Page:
The Bills walked away from the 2020 NFL Draft with some talented players despite not having a first round pick due to the trade for Stefon Diggs. Surely their first few picks will play a role on this year's team, but who will make an immediate impact? Who will have the biggest role? Here are four rookies who might make an impact on the team right away.
DE A.J. Epenesa
A.J. Epenesa was the first pick from the Bills 2020 draft. Epenesa was drafted in the second round with the 54th overall pick. Many argued the defensive end should have been drafted in the first round and was the obvious best available at the time Buffalo was on the clock. After drafting Epenesa, it was easy to see how genuinely excited the coaching staff was to grab a player with that type of talent outside of the first 32.
Buffalo will definitely have a plan to use the defensive lineman in his first season. He is capable of having an impact based off of his versatility. The coaching staff has made it clear that Epenesa will be used on the inside and the outside, with his size being used as an advantage.
On "What’s Next with Eric Wood?" former Bill and current Bills radio analyst Eric Wood's podcast, McDermott described what he would like to see from Epenesa in his rookie year.
"In a perfect world, he'll play a backup position the first season, potentially to move inside on rush situations," McDermott said. "That's asking a lot at this point. Learning as you know, learning two positions just in your first season and adjusting all the while to life in the NFL is a challenge. So, we'll just focus on one position for now. But the more he can do, the better for us and for his future."
The Iowa product was a force on the outside in college, racking up 26.5 sacks, eight forced fumbles and eight passes defended. Epenesa will get the opportunity to showcase his length, power and quickness in year one.
RB Zack Moss
Few draft analysts predicted the Bills would draft a running back higher than the fourth or fifth round after drafting Devin Singletary in the third round last year. That all changed when running back Zack Moss was still available in the third round. With the departure of Frank Gore, a running back who could replace his style of play and workload made total sense. Turn on Moss' tape and you'll quickly figure out why the Bills couldn't do without him.
Offensive coordinator Brian Daboll thinks Moss will bring a certain type of toughness to the team.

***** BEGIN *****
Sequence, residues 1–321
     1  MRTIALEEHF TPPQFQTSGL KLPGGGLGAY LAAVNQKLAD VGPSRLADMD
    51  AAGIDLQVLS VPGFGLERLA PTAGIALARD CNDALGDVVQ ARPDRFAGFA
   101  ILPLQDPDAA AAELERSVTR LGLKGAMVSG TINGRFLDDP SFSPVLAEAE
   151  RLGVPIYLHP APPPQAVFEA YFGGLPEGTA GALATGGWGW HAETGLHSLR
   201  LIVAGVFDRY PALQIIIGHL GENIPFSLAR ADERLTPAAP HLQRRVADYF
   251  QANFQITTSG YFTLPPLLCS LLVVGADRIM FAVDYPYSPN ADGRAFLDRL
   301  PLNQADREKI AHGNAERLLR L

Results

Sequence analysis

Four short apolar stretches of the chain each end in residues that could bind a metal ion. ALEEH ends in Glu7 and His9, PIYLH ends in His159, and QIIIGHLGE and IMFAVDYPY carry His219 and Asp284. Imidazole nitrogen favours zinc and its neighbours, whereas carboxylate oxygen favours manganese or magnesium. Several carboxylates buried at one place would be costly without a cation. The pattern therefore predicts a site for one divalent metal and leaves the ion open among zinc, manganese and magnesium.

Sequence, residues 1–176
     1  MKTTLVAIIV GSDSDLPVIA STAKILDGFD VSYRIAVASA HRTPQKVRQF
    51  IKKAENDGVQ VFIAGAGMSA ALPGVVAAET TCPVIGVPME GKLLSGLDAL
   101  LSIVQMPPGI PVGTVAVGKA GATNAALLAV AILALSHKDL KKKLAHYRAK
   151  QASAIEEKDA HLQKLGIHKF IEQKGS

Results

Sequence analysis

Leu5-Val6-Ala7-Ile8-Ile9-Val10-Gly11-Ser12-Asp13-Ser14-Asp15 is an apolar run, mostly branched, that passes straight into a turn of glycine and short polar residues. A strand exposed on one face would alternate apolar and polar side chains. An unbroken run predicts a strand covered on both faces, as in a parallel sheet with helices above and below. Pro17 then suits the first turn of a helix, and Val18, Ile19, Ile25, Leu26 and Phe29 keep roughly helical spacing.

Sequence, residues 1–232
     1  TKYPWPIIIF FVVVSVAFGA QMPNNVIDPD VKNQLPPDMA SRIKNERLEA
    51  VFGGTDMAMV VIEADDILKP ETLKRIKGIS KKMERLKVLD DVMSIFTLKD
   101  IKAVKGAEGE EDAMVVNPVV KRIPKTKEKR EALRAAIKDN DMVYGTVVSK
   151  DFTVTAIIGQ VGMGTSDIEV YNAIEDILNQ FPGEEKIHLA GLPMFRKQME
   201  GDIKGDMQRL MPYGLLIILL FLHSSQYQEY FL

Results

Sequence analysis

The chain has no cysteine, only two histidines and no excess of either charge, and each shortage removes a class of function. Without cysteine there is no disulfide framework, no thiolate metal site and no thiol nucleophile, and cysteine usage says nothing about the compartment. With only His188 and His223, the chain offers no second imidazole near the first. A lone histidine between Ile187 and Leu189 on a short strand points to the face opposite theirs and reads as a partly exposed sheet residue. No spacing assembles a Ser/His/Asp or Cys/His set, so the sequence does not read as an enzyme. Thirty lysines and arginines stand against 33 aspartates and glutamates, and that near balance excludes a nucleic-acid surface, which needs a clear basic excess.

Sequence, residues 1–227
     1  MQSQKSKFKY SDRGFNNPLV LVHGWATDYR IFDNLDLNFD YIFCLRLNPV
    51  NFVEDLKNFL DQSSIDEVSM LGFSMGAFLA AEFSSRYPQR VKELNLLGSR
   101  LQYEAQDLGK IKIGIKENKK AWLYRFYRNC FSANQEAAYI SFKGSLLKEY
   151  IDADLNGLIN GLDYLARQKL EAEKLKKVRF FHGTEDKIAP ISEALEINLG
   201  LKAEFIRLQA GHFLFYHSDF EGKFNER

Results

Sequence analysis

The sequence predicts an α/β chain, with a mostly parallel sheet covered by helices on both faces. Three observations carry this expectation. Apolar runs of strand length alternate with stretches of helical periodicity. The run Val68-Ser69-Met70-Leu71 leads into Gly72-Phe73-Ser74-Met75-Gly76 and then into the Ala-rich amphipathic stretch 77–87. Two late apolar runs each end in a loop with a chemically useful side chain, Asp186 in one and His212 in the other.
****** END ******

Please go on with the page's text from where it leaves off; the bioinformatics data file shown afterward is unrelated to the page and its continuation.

"Zack was a very productive," Daboll said. "He really did a good job on his college tape demonstrating some of the qualities that we're looking for in a running back. He's tough, hard-nosed, downhill guy that for being a bigger body guy still has the ability to make people miss in short spaces. We really, really like that the toughness that he ran with."
Moss will be used in a way where he can have an immediate influence. The Bills need someone who can get tough yards whether that be in the red zone or short yardage situations. The Utah product can be that guy. Moss broke several records at Utah including touchdowns with 38, racking up 4,067 career rushing yards and totaling 18 games where he rushed for 100 yards or more.
With this opportunity, the rookie will not just help himself. Moss' skillset complements Singletary. The former Utah star will take care of getting those tough yards up the middle, while Singletary uses his vision and speed to break off big run plays.
WR Gabriel Davis
If you look at the Bills wide receiver group from last season there was an obvious need heading into 2020. No, not Stefon Diggs. It was the need for size. John Brown was the tallest out of the starters at 5-11. In the fourth round of the draft Buffalo addressed this need by picking Gabriel Davis. The wide receiver is 6-2 and adds another wrinkle to the offense.
"Big player, vertical stretch, can go up, high point the ball, [catch] contested balls," general manager Brandon Beane said. "And again, a size guy. He's a strong guy. He's got some run after catch. We just liked the way he competes, thought he had a really good year. I thought his hands were one of his strong points."
Heading into the offseason, it was obvious the Bills needed to score more points. Davis is a red zone target who knows how to score. When Davis gets the opportunity he can prove why he's a necessary weapon on offense. The former UCF player amassed 2,447 receiving yards on 152 receptions. He scored 23 times and average 16.1 yards per reception during his collegiate career. Davis addresses a physical need, and with the ability to be a big play receiver, can help Josh Allen be more productive in his third season.
K Tyler Bass
One pick many of us didn't expect during the draft was a kicker. But there's a reason behind every one of Beane's picks. The Bills drafted Tyler Bass in the sixth round with the 188th overall pick. Beane explained they drafted Bass because of his leg strength, which is a necessity in Buffalo.
Not too quick though, it's not Bass' job. Special teams coordinator Heath Farwell made it clear there would be a competition for the starting spot.
"It's going to be a great competition because they both bring different things," Farwell said. "It's Steve's [Hauschka] accuracy, we love where he's at inside 49 yards. His leadership, his big kicks in playoff games, that's a big thing that he brings. Then you have a young player like Tyler who is loaded with talent. He has a lot of ton of upside, but he's got to prove it in the preseason and training camp."
Bass showed off his strength during the Senior Bowl, which turned a lot of heads. He played at Georgia Southern where he went 54 of 68 on field goal attempts, completing 79.4% of his field goals. Bass' longest field goal was from 50 yards. The kicker has shown his potential, and he will get the chance to prove he can be consistent by competing for the starting job. If Bass wins the job he will be expected to make an immediate impact come Week 1.